The first Starbucks in Italy – a mega-coffee-shop and roastery – opened here in Milan last week. And I’m willing to admit that I stood in line – mostly with Italian families on the last weekend of summer holidays – for 45 minutes just to see what the fuss was about.
There are so many strange and fascinating cultural things going on with the opening of the first Starbucks in Italy – for coffee culture in general, for Italian politics and food culture, and for my own personal history with coffee, Italy, and my longtime feud with Starbucks.
I’ve been meaning to write about Starbucks in Milan since I moved here – which is also as long as Starbucks has been claiming they were about to open a store here. Luckily we’re equally behind schedule.
As you probably know, espresso is from Italy. Because I love doing this kind of research, here’s the briefest history: The plant is from Ethiopia. Coffee as a drink was probably invented in Yemen, but Italy was the first major adopter of coffee in Europe, thanks to the Venetian Republic’s trade with the Middle East and North Africa. This was in the 1600s. And espresso – the machine for making coffee more quickly – was invented in Torino in the late 1800’s and perfected in Milan throughout the 1900s. (Smithsonian has a solid history of the machine.)
Of course having colonies in coffee-producing Ethiopia didn’t hurt the Italian taste for coffee.
Lost in one of my research rabbit-holes, I read that production and export of coffee beans shot up during the brief, Italian-Fascist colonization there.
Then, 35 years ago, an American business man was inspired by/stole/appropriated “Italian” coffee, made a fortune on it, and his company has come full-circle to sell African beans and Italian espresso back to Italy. That part is the well known Starbucks origin story: Howard Schultz traveling through Milan, falling in love with espresso bar culture, and introducing some version of it in the US. Now that there are 27,000 Starbucks in the world, the company is bringing espresso back where they found it. (These aren’t even things I have to look up. After writing about cafes in Costa Rica and the anti-Starbucks in China, drinking about a thousand espressos shots in Italy, and then doing a project on Starbucks in grad school and a consulting gig for a major Italian coffee company, I can say my coffee resume is pretty strong.)
Today, Starbucks’ coffee in the US is not Italian by a long shot. From what I’ve read, it was a lot closer to authentic when they first started selling drinks in Seattle in the ’80s. Espresso and “caffè latte” were very foreign and weird to Americans.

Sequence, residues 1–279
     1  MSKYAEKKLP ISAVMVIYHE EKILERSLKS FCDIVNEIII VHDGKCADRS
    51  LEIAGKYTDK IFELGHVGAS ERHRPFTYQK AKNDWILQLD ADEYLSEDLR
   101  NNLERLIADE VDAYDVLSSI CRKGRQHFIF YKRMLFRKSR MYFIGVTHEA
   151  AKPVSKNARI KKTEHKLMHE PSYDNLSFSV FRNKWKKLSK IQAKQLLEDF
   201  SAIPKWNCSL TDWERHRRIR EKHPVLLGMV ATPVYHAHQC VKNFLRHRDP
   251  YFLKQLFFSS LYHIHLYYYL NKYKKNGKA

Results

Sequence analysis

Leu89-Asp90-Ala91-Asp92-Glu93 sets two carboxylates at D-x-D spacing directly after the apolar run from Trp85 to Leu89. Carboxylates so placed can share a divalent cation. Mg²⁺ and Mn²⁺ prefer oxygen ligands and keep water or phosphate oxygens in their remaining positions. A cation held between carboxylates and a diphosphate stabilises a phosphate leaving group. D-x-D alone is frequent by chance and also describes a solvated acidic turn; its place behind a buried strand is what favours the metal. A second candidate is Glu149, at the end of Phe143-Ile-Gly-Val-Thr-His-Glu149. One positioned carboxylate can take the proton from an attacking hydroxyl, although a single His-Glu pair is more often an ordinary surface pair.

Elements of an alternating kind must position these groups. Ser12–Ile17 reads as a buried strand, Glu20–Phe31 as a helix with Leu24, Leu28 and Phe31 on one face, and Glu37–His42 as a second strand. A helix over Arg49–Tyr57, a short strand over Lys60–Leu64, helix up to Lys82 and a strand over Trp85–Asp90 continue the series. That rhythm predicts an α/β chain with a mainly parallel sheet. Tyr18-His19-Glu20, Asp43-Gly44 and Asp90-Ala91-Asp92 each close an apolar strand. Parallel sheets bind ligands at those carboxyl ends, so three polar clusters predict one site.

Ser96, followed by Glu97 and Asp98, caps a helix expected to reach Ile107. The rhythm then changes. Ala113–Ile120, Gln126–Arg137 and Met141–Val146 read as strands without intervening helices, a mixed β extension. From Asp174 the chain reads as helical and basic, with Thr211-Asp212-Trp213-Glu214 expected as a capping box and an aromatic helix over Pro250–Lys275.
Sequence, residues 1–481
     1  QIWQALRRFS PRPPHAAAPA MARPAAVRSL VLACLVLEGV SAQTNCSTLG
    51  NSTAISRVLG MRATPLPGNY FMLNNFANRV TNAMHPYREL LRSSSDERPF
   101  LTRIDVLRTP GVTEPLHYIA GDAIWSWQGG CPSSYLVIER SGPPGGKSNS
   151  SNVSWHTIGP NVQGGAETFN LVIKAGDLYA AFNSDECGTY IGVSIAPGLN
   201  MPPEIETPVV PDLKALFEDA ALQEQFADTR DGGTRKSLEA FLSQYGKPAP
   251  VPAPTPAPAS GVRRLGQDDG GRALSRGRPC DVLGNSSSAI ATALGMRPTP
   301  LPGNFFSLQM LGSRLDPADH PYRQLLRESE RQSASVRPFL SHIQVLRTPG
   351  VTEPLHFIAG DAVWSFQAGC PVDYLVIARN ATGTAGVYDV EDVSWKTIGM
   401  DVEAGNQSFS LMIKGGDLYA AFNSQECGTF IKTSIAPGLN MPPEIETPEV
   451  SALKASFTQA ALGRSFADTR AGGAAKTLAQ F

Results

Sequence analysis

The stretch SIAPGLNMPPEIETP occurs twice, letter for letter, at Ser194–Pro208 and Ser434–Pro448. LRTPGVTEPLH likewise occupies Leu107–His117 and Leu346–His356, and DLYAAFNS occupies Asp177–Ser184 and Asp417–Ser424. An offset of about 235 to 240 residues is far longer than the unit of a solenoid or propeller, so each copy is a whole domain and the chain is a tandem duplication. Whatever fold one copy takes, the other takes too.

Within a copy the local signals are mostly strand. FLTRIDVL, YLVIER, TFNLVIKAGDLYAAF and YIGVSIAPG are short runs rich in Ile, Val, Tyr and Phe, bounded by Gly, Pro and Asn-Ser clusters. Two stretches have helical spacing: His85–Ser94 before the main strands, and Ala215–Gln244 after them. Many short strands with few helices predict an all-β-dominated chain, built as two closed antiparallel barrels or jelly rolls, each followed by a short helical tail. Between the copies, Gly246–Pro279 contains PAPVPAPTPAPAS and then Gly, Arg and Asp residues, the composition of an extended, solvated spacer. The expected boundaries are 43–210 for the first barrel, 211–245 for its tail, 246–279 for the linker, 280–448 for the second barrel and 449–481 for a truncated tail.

And that right there is one of the things I still love about US culture.
It’s the fact that strange ideas and weird foreign foods, or lifestyles, or philosophies have a good chance of catching on, and rather quickly as well. Maybe that’s part of what makes us so prone to over-consumerism. (And the thing that worries me most about exporting our chain stores is exporting our hyper-consuming culture.) But it’s also what makes the US a testing ground for everything. New ideas actually have a chance – both because there’s funding available for them, and because there isn’t such a strong traditional culture that delineates what is in from what is out. Anything new and cool we see, we’ll probably buy.
Whereas in Italy, the culture is the opposite – very fixed and traditional. Here, anything new that people see, they will likely say is bullshit and terrible idea. I never would have predicted this when I first moved here, but in some ways I’ve come to appreciate this mentality. Italians don’t accept new ideas so easily. But what they do here, they do well, and with confidence. Continuing with the example of coffee: In an Italian coffee bar there’s no menu board to read and decide between the 12, 16, 20 ounce, caramel, vanilla, pumpkin spice, skinny, fat, flat white, latte, frappuccino, or whatever. There’s usually no menu at all. You get an espresso, it costs a euro, and you move on with your day. It’s not personalized, but it’s comforting, steady, dependable, simple, and good.
Italians know that Starbucks is not really Italian coffee (and Americans should know, too). But of course that’s part of the reason the brand will be successful here – despite what the Italian news commentators and most of my Italian friends say. (Including my favorite Italian journalist on NPR saying the higher price will be a problem. I don’t buy it.)
The company has been on people’s minds here since their controversial publicity stunt in Milan.
Instead of opening their first Italian Starbucks location in the beginning of 2017, as they had planned, they installed a little garden of palm trees in the piazza in front of Milan’s Duomo cathedral.
It was hard to tell what exactly about the marketing stunt annoyed people.